It is not surprising that the long-term neurological conse-quences of cumulative head trauma were initially recog-nized in professional boxers . Th ese athletes are on the receiving end of thousands of blows to the head of varying intensity, in sparring and matches, over many years. Beginning in 1928, when Harrison Martland des-cribed the clinical features that constitute what is now known as chronic traumatic encephalopathy (CTE) , many articles have been written about the neurological consequences of boxing in both amateurs and profes-sionals. Yet, there are still signiﬁ cant gaps in our knowledge of the spectrum of chronic injuries that can occur in combat sports.
It is worth asking what can we achieve by studying those in combat sports, both boxing and the increasingly popular sport of mixed martial arts (MMA). In the
broadest sense, these sports provide a human model to study the evolution of CTE, including understanding the natural history and modifying factors of the disease, along with identifying biomarkers. Th us, what is learned from combat sports may be applicable to various settings in which repetitive head trauma can occur, including other contact sports and the military. A more speciﬁ c goal would be gathering knowledge that can be applied to improve long-term safety of boxing and MMA such as developing guidelines that can be used by regulatory agencies and the athletes themselves to better monitor their brain health.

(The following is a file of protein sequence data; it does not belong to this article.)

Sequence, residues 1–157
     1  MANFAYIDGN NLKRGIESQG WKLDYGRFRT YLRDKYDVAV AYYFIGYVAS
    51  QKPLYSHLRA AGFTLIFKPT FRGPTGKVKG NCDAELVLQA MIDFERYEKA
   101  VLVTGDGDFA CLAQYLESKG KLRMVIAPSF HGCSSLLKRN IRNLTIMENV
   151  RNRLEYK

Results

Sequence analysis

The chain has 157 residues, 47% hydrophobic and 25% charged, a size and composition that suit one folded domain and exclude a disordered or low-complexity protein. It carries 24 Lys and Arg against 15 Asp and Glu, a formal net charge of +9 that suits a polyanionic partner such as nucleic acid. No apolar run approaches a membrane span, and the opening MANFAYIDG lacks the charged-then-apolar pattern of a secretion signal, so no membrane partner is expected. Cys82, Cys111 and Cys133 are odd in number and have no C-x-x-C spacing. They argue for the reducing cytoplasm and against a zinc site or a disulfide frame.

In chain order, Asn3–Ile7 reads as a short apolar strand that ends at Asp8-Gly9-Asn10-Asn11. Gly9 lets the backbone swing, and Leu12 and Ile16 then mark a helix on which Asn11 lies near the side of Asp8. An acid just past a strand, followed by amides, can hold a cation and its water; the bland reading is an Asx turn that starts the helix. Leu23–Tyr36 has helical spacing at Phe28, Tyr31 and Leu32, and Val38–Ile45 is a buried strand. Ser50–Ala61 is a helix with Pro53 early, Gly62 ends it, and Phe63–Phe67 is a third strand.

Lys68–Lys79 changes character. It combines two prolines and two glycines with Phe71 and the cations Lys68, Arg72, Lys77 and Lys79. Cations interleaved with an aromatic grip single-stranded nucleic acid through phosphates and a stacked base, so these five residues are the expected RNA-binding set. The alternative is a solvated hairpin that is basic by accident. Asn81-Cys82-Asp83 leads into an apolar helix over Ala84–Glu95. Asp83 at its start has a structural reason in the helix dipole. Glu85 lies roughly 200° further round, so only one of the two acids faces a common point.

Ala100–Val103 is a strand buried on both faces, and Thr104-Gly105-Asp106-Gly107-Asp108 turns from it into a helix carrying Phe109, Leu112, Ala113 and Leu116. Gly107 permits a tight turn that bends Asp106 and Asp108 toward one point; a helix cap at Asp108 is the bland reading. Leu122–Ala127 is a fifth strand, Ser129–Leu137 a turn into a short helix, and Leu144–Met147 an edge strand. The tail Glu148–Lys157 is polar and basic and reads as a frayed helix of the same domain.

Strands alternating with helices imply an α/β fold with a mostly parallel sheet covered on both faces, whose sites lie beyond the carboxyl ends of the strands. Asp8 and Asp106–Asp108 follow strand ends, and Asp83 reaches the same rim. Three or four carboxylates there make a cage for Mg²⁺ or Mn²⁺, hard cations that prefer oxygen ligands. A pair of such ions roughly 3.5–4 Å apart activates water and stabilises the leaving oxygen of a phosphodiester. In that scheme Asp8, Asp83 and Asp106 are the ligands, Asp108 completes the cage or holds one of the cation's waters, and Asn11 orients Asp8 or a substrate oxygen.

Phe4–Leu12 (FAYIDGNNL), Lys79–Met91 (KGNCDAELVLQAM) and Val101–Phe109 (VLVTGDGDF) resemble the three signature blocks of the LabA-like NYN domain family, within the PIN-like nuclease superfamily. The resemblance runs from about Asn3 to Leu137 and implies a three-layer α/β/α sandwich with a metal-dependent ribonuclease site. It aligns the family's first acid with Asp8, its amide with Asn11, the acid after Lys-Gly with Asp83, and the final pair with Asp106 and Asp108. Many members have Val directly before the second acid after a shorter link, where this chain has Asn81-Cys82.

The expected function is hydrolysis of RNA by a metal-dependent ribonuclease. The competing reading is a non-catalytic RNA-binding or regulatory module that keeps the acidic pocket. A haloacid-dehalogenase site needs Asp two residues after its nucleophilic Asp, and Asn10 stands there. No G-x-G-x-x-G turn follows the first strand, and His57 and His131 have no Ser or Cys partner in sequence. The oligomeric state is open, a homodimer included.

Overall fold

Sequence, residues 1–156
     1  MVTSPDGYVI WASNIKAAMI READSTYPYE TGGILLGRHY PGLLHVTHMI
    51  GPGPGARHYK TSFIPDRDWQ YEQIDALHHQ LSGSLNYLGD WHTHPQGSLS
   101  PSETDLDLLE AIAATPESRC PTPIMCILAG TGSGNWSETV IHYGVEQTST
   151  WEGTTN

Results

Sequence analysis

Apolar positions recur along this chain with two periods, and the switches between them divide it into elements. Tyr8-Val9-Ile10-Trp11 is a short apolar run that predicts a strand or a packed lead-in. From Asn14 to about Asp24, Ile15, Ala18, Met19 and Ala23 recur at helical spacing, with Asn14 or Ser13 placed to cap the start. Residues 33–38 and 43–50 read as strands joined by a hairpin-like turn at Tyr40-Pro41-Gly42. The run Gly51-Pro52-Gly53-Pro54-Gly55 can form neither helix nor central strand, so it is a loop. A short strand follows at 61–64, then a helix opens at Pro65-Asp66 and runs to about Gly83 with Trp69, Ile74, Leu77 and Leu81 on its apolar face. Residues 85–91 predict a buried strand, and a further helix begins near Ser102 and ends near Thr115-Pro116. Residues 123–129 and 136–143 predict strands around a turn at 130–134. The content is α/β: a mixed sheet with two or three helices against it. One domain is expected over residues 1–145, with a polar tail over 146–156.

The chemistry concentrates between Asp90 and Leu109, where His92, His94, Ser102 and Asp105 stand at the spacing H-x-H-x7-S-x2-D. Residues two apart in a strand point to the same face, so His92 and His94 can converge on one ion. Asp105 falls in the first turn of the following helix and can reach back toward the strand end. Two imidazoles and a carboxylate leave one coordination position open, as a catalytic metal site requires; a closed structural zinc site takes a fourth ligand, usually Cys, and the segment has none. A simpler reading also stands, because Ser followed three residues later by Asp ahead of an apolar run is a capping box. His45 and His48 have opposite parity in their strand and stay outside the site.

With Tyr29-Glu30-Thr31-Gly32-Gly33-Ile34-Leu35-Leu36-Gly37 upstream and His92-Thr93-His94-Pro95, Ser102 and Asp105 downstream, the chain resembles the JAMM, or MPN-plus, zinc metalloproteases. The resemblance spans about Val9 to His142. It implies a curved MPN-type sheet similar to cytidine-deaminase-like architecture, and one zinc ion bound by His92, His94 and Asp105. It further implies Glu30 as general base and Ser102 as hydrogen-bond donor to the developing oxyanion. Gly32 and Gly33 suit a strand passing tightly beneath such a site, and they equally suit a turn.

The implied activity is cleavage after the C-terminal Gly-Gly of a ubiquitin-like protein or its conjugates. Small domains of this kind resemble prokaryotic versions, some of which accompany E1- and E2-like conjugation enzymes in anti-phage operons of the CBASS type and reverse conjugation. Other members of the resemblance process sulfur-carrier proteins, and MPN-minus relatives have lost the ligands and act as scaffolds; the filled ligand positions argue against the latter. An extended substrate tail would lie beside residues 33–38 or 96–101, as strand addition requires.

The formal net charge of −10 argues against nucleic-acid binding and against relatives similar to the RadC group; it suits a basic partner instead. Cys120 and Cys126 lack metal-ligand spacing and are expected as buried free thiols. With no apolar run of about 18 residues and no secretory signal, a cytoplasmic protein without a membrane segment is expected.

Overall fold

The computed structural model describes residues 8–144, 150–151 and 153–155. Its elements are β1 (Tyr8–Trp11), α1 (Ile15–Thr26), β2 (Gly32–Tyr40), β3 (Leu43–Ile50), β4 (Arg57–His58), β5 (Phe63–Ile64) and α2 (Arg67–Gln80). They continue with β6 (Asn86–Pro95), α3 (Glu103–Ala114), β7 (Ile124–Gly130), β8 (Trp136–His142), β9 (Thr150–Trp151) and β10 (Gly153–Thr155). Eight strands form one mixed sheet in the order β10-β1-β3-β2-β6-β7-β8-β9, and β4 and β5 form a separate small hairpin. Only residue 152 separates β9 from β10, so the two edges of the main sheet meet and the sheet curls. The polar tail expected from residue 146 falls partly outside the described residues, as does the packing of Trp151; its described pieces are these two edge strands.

In a review of the current body of literature on boxing and the brain, several caveats require mention. Th e sport itself has changed over the years, making comparison of studies from diﬀ erent decades diﬃ cult . Current ﬁ ghters tend to have shorter careers and fewer career bouts and beneﬁ t from rule changes such as limiting championship ﬁ ghts to 12 rounds (instead of 15), use of larger glove size, and increased medical supervision. Moreover, a number of methodological issues cloud the interpretation of prior work: (a) reliance on retrospective or cross-sectional design, (b) lack of, or inadequate, control group, (c) evidence based on small sample sizes or case reports, and (d) selection bias of boxers who are symptomatic or have an extraordinarily high amount of exposure.